EDIT to add: This is getting really bitter. I wish I had done this one in a T-Sac. Definitely not my favourite. Bitter blegh!
Could have sworn I did a tasting note for this one when the 12Tas of Christmas came out, but maybe I just tried it. This is yet another sample from the 12Teas that I am trying to finally finish up. I recall the aroma not being very recognizable at the time, but it is much more powerful now, with chocolate and caramel dominating. For me, that’s good news. I am always on the lookout for a good caramel tea, though most let me down.
Steeped this for 2 to 3 minutes in a T-Sac to avoid the harsh taste of the bitter black base that Frank used to use and this yields an aromatic and orangey-brown brew. I find that using a T-Sac can help cut the bitterness as there is less room for particles to escape so I expect this will be a bit smoother than if I brewed it in a strainer.
Finishing up my chocolate chip granola bar (a moment of temptation – usually I go for the fruit and nut ones, but everyone needs a little chocolate, right?) this tea does smell delicious. Hopefully it will compare to the “real” chocolate I just had. OH man, it does. Wow. Typically I don’t like Frank’s blends, but this one is really hitting the spot. The chocolate is building on the aftertaste from my bar and I get the sense of caramel behind all that. It is, in fact, shockingly like a caramel turtle. Two thumbs up on this blend – I’m glad I have enough left for a small cup to enjoy another time. As the cup cools the bitter black tea is creeping up on me, but that’s to be expected. I’ll just have to slurp it quickly! : )
Dry aroma puts me in mind of an Iron Goddess, it smells very much like a green oolong. There is a bold aroma, distinct sweetness with some hay and grass underneath it. I’m not much for greener oolongs typically, but this smells pretty nice.
Steeped at 90 degrees for about 2 minutes, the beau thinks we under-steeped it a bit and I tend to agree. There is a very slight oolong aroma and taste, more sweet than vegetal but it was barely there.
The second steep (of 5ish minutes) shows more strength of flavour, with a fairly strong floral aroma and taste. Still fairly unassuming, but nice. Green oolongs aren’t really my forte and this doesn’t really change that but it was a perfectly palatable cup of tea.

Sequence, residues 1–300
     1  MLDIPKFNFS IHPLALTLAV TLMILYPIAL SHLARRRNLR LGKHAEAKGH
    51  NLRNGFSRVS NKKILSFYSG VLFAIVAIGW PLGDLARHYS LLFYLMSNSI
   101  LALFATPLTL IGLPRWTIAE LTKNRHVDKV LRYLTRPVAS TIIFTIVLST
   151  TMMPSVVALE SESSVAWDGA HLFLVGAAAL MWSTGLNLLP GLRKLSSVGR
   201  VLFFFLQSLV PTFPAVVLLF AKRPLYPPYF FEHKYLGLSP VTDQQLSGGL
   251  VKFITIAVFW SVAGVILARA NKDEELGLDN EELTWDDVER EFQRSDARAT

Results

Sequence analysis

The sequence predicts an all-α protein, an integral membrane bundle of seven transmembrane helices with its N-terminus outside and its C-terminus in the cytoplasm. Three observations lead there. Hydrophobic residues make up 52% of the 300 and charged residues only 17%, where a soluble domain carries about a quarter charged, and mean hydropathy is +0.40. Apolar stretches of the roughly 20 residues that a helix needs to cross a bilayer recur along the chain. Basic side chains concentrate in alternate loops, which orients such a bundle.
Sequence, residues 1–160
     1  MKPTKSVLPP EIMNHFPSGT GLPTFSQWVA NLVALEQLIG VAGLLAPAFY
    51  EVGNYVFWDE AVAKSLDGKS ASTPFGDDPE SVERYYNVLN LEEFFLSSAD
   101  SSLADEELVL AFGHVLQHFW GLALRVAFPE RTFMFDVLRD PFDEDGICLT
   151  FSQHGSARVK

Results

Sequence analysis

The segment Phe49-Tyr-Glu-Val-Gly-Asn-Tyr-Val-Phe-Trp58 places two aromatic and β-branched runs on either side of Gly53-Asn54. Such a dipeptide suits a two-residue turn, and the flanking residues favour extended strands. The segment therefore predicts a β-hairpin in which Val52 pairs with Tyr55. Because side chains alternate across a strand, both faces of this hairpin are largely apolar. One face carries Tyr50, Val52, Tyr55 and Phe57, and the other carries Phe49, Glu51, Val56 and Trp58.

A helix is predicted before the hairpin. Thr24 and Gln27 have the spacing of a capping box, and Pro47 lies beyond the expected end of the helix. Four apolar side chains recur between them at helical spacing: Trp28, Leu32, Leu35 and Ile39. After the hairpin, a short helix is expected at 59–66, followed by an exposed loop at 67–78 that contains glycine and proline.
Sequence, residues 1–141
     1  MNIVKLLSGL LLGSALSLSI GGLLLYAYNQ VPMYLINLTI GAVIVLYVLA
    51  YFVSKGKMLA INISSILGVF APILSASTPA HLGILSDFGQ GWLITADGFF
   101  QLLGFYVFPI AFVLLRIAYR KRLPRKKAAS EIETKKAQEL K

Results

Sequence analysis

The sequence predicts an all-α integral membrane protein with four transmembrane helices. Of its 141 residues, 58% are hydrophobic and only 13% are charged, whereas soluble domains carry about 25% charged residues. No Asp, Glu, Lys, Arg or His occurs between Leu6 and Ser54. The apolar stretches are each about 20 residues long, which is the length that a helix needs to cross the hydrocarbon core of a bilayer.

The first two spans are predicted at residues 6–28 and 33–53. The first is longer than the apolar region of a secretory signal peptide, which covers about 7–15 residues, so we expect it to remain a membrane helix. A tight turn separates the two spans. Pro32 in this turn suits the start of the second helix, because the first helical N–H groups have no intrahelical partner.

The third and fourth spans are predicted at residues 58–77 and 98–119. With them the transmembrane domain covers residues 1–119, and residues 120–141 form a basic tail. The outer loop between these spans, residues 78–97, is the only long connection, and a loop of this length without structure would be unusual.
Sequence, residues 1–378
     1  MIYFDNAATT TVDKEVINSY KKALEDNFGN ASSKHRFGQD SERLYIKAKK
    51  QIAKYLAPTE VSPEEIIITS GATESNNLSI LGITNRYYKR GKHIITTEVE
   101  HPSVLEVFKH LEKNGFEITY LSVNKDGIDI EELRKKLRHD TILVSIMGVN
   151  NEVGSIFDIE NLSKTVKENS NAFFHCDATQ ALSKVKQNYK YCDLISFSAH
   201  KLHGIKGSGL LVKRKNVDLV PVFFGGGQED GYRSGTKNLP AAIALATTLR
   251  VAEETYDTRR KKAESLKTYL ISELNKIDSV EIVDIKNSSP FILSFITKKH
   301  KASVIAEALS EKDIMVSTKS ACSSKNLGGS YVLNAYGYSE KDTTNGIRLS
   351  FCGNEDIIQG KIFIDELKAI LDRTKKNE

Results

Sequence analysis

I think this is one of those times where I should have followed the instructions and used boiling water, but boiling water doesn’t work with oolongs for me very frequently. I still have three more little pouches, will try again at some point. Thanks Teavivre for this sample! (From ages ago, whoops!)
Trying these bad boys tonight. I bought a sample of them in October when I learned that the DT closest to me actually got a stock of them. I had resisted before based on not knowing how I feel about jasmine, but the smell is just hypnotic. I have had jasmine in other teas but always have this fear in the back of my mind that it will be too strong and perfumey – despite that never having happened!
The dry smell of these pearls (really, like the Teavivre pearls, they are about the size of marbles. SO beautiful!) is sweet jasmine with a hint of bitter black tea underneath. I’m thinking the sweetness of the jasmine is so striking that it makes the black tea seem bitter in contrast, hopefully I don’t get any of that once steeped.
The beau and I did 4 pearls to our medium pot, steeped at 95 degrees for about three minutes. The first cup was basic black tea, a bit mild with a hint of sweet. Thre was a hint of jasmine at the back of the sip, but it was so unassuming that I almost thought it was just part of the tea itself. The second cup has quite a bit of astringency, but no bitterness. I’m thinking some crumbs may have been in the pot and continued steeping. The jasmine is stronger here too, it rounds out the tea quite nicely, but the tea itself is a bit too one-dimensional. I would like to get some malt or chocolate here, something with a bit of depth to balance the jasmine.
All that said, this is a nice tea. This is a special tea. I get that. This is NOT an amazing tea. For the price ($14 for 50 grams) I was pretty disappointed. I would much rather have Teavivre’s black pearls or Davids Yunnan Black. While I will definitely re-steep this and enjoy the remains of my 20 gram sample (about 20 pearls) I won’t be buying more. Hopefully I remember to try to steep it a little differently next time and see if I can improve it. If it cost less, it would get higher rating but at that price point I expect my tea to be more interesting. I think a better base tea could have made a big difference here.